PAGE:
Birds just love the Lucy tree

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Name: Halleria lucida L.

Family: Stilbaceae

Common names: Engl. Hilarious Lucy, Olive, Tree Fuschia, White Olive

Afr. Geelhoutkop, Kinderbessie, Ouhout, Notsung, Septee, Wilde Druiwe, Witolienhout, Witolyf, Witolyfhout, Witolyn

Xho. Umbinza

An attractive and usual garden plant that is easily grown from seed.

 Description

Evergreen shrub, often trailing branches, or a small to medium-sized tree 2-12 m in height, occasional 20 m; Bark: pale greyish brown, rather rough, longitudinally fissured, flaky. Leaves: drooping, ovate, thinly leathery, shiny bright green, hairless; apex tapering to attenuate; base very broadly tapering to square, often asymmetric, margin finely toothed to scalloped; petiole up to 10 mm long. Flowers: showy, brick-red  and orange, tubular, curved, up to 4 cm long, often in dense clusters on the older wood,  sometimes in small axillary clusters hidden among the leaves (May-February). Fruit: broadly ovoid to almost round, fleshy, black, crowned with the long tread of the persistent style, forming a tail-like wisp (June onwards).

 

Conservation status

According to the SANBI (South African National Biodiversity Institute) Red list of South African Plants, Halleria lucida was not selected in any one of four screening processes for highlighting potential taxa of conservation concern for detailed assessment and was hence given an automated status of Least Concern (L.C.). http://redlist.sanbi.org

 

Distribution and habitat

Occurring from coastal and karroid scrub to evergreen forest, at the margins of forests, in forested ravines on rocky mountain slopes.

Provincial distribution: Eastern Cape, Free State, Gauteng, KwaZulu-Natal, Limpopo, Mpumalanga, North West, Northern Cape and Western Cape.

 

Derivation of name and historical aspects

The generic name Halleria named in honour of Albrecht von Haller, a botanist at the University of Göttingen in the 18th century and species name lucida means bright, shiny and clear refers to the leaves. The flowers resemble those of the cultivated fuchsia hence the common name tree fuchsia. The name “Notsung” is believed to be of Hottentot origin, although Marloth states that the name was applied to the tree by early German foresters, and is a corruption of the German word “Nutzung” meaning usufruct, as the wood of Halleria lucida was free, and no permit was required to cut it.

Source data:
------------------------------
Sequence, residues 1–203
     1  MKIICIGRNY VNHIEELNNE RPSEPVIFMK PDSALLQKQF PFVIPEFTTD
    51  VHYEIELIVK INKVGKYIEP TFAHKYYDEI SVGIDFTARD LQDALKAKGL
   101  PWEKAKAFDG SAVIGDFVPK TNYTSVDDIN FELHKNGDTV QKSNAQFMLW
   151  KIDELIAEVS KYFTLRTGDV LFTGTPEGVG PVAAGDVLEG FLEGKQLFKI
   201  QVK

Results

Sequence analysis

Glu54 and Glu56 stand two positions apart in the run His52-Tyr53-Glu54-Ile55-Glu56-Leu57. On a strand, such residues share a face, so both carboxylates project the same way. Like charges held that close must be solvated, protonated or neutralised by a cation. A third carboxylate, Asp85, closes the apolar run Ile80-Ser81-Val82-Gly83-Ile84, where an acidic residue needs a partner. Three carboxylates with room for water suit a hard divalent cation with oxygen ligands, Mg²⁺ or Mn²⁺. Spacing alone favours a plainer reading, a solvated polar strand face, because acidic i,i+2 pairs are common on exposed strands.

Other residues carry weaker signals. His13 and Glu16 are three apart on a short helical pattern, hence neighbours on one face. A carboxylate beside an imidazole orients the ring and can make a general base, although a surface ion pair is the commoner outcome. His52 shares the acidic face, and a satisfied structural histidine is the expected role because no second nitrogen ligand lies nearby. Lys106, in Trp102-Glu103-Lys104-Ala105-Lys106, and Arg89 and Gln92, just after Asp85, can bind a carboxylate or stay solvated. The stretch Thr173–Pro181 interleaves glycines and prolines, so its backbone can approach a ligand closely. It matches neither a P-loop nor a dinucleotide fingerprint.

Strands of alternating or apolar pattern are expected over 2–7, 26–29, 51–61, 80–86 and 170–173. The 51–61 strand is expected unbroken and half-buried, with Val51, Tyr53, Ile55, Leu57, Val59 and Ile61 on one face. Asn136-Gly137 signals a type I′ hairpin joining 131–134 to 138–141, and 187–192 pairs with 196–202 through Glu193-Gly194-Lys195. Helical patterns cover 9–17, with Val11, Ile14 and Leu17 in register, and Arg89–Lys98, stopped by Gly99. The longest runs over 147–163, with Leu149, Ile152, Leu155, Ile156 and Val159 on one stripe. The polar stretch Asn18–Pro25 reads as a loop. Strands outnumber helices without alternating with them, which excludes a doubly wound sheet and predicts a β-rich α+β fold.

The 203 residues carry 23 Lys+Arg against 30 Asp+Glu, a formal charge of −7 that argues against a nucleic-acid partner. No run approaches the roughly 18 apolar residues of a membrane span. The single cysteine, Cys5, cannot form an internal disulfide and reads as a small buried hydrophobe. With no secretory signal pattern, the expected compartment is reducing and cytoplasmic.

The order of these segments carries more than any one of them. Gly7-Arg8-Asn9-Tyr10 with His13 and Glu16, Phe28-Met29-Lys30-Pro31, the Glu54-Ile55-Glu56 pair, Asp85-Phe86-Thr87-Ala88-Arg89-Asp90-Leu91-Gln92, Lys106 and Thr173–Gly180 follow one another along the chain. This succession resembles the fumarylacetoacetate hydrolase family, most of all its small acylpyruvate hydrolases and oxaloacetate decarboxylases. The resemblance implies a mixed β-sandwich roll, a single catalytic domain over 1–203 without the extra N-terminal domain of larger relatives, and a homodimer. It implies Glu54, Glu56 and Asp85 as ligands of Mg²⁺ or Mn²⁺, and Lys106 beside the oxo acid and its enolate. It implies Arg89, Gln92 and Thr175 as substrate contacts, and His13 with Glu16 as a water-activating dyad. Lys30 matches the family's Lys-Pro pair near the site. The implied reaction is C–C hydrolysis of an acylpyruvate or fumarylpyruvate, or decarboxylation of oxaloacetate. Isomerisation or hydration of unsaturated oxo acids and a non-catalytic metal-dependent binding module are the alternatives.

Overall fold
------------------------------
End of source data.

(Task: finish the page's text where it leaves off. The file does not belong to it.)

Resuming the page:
Ecology

Both flower and fruit attract a wide variety of birds. Insects are attracted to the copious amounts of nectar. The rather rough wood attracts Woodpeckers and Green Hoopoe who probe under it for insects.

 

Uses and cultural aspects

The wood is yellowish, hard and tough, and has been used for spear shafts and to start fire by friction. The plant has also been used medicinally for ear and skin complaint. It’s also often considered a charm against evil—twigs are burnt when offering sacrifices to ancestral spirits and plants are set alight each year, with the ash mixed with fat and smeared on cuttings of Rhamnus prinoides which are driven into the ground around the village to protect inhabitants from wizards and bad weather.

 

Growing Halleria lucida

Plant in rich, well-drained loam with compost and mulch, and provide water all year round. Although it tolerates periods of drought, the tree fuchsia looks its best with regular water supply. It is relatively frost hardy but protect it from frost for the first two or three winters.

The old method of digging a deep hole and filling it with soil and compost has resulted in many trees failing to thrive, dying, rotting at the base or worse still, falling over in later years due to poor development https://kumbulanursery.co.za/plants/halleria-lucida . Refer to the following site for the best method of planting a tree: http://www.treesaregood.com/portals/0/docs/treecare/New_TreePlanting.pdf

 

References and further reading

Coates Palgrave, M. 2002 (third edition). Keith Coates Palgrave Trees of Southern Africa. Struik Nature, Cape Town

Saunders, R. 1988. Halleria lucida – a successful small tree for South African gardens. Veld and Flora (September 1988)

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